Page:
The role of Psychology in Design
Most people think that design is only an artistic expression of creativity but on a deeper level it is more than that. There is a lot of psychology behind design which designers can implement in their designs to lead people to specific actions such as clicking a link, signing up to a newsletter or making a purchase. Here we will go over a few basic psychological principles that are often implemented in design.
This principle explores a users visual perception of elements in relation to one another. It shows how users tend to place elements into groups based on 5 principles:
If a user sees objects that are similar, they may perceive them as individual elements of one group. Similarity between these groups can be defined with shapes, colour, size, texture or value. This gives users a sense of coherence between the elements within the design.
The human eye moves naturally from one element to the next this is often achieved through creating curved lines allowing the eye to flow with the line.
The human eye also tends to see closed shapes. This principle works where incomplete an object is perceived a full shape because the user fills in the missing part of the shape.
Objects placed in close proximity are usually perceived as a group by the user where as objects placed far apart are seen as individual elements.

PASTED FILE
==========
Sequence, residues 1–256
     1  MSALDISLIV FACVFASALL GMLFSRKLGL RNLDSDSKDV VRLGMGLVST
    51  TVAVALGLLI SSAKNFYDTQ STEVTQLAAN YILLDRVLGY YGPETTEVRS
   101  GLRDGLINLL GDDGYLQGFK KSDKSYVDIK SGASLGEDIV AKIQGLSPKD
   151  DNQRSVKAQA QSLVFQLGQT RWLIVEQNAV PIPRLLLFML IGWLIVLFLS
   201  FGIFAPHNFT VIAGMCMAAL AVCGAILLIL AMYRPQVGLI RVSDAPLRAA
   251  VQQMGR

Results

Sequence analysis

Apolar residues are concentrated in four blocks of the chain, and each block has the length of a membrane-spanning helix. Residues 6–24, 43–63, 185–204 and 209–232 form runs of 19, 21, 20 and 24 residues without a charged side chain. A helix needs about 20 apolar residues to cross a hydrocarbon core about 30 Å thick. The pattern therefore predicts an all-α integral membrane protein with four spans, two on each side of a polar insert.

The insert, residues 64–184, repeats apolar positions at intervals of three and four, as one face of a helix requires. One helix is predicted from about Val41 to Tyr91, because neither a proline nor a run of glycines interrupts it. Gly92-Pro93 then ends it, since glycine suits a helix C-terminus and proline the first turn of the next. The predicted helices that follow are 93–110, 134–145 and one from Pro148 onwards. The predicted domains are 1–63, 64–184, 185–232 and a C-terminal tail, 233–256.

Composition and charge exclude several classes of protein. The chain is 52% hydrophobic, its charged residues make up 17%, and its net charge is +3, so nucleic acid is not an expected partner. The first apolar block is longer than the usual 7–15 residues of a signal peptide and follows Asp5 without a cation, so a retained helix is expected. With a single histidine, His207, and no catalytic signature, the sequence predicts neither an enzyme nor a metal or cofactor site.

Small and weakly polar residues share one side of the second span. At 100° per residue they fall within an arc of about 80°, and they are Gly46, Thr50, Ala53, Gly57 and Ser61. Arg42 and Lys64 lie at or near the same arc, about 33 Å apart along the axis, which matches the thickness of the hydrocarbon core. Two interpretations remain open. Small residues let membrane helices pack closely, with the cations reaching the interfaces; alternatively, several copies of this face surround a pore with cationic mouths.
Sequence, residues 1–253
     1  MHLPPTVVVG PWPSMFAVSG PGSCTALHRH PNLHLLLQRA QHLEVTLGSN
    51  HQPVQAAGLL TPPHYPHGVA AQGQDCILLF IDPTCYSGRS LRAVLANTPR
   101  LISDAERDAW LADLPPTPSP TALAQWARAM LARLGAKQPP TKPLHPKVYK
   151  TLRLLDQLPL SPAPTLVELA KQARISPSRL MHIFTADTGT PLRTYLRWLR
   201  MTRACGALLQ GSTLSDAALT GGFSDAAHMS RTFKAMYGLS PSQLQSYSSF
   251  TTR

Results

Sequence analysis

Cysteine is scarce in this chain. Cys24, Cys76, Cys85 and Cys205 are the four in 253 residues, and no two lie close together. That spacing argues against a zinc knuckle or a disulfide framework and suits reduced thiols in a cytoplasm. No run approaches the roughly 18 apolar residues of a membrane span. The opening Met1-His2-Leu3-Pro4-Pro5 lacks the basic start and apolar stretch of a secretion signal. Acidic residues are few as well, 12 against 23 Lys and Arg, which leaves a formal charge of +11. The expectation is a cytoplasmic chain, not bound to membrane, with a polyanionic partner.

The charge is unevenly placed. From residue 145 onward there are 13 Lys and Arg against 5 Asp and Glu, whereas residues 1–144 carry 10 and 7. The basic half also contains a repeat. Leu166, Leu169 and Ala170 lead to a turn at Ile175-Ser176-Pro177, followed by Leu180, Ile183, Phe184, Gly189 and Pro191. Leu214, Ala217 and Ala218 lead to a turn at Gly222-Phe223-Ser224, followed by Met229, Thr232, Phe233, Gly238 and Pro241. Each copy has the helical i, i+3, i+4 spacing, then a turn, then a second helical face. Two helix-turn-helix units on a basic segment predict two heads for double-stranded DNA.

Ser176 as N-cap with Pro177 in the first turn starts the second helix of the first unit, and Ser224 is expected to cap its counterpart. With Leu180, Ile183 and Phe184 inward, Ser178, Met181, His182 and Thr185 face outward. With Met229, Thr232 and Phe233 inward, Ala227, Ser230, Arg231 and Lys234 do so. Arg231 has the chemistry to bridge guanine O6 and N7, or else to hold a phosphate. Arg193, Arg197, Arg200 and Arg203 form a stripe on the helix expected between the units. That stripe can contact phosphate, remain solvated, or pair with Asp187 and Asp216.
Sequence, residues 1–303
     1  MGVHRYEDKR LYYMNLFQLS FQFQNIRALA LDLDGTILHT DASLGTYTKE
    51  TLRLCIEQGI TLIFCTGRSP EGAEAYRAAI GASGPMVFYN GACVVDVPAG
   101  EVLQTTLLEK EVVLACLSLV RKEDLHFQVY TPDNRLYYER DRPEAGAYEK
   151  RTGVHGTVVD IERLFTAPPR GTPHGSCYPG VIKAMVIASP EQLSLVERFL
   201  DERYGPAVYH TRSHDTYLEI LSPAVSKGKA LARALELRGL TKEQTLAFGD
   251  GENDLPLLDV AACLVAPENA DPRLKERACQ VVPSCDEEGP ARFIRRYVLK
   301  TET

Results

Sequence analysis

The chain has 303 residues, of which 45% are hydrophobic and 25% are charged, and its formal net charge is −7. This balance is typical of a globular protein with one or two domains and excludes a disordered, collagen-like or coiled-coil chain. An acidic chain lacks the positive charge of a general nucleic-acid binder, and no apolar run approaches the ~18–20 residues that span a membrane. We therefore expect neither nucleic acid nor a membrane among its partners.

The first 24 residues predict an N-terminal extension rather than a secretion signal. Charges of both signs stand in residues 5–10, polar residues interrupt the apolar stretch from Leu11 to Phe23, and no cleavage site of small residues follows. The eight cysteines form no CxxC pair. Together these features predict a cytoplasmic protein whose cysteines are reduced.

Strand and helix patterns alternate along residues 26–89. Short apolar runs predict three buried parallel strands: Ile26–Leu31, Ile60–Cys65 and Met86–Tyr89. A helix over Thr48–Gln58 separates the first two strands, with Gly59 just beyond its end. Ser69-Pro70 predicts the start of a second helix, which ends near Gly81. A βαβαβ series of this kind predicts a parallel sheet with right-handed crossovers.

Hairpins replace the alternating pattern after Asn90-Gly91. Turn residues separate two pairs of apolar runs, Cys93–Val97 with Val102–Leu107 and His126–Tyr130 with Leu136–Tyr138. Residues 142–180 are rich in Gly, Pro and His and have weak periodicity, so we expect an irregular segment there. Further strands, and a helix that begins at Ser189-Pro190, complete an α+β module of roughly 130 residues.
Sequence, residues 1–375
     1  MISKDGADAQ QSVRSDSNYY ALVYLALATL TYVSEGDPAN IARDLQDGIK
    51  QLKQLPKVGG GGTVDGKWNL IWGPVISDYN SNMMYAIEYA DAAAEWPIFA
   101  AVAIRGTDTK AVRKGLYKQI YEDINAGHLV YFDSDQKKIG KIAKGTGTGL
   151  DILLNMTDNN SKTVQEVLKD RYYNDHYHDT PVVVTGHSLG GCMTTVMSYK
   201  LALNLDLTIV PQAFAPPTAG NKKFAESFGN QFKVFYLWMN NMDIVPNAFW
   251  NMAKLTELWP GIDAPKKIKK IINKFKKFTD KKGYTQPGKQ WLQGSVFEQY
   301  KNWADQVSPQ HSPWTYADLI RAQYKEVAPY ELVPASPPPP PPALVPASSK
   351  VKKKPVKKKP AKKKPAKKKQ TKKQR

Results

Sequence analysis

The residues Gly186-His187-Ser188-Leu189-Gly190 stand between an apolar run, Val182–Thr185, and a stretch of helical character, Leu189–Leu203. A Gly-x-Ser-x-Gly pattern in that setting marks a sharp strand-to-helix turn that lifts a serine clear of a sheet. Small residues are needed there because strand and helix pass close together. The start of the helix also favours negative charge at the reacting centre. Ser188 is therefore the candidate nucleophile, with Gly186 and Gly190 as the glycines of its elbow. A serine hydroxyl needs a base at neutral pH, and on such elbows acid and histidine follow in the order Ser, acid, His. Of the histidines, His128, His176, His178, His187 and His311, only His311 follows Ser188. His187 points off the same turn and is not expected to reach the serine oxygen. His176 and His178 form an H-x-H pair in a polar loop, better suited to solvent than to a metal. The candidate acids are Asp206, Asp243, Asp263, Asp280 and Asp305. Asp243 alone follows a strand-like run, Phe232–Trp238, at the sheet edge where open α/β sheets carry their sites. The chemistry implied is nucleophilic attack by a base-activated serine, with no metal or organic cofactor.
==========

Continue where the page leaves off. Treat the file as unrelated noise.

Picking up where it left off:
This principle shows the human eyes’ tendency to separate objects from their background. This gives a perception of depth in the design.
Designers should keep these principles in mind when working as it can be used to eliminate the possibility of users misunderstanding the purpose of the design and it can be used to help guide people to specific actions.
This reaction comes from a part of our brain known as the ‘’old brain’’ and is responsible for our instincts and reacts faster than our conscious brain. Designers can use this to help create designs people instantly fall in love with by creating an aesthetic impression. All one needs to know is what their target market likes to see. Often things like high res imagery and colourful pictures on landing pages are used to create this impression.
Colours have huge influence on the human mind, behaviour and reactions. Below is an image depicting the different range of emotions behind colours:
Hicks Law states that’s more options users are exposed to, the longer it takes them to make a decision. This means that it is best to give your user fewer options and choices you want them to make. Keep options including pages buttons and images to a minimum. By removing unnecessary choices you improve the usability of the product making it more effective.
Psychology is a powerful tool for creators to use in their creative process to achieve more user-cantered results. Here you have learnt about 4 principles but this is only the beginning, there is so much more to this topic that you can dive into in order to create amazing and effective designs.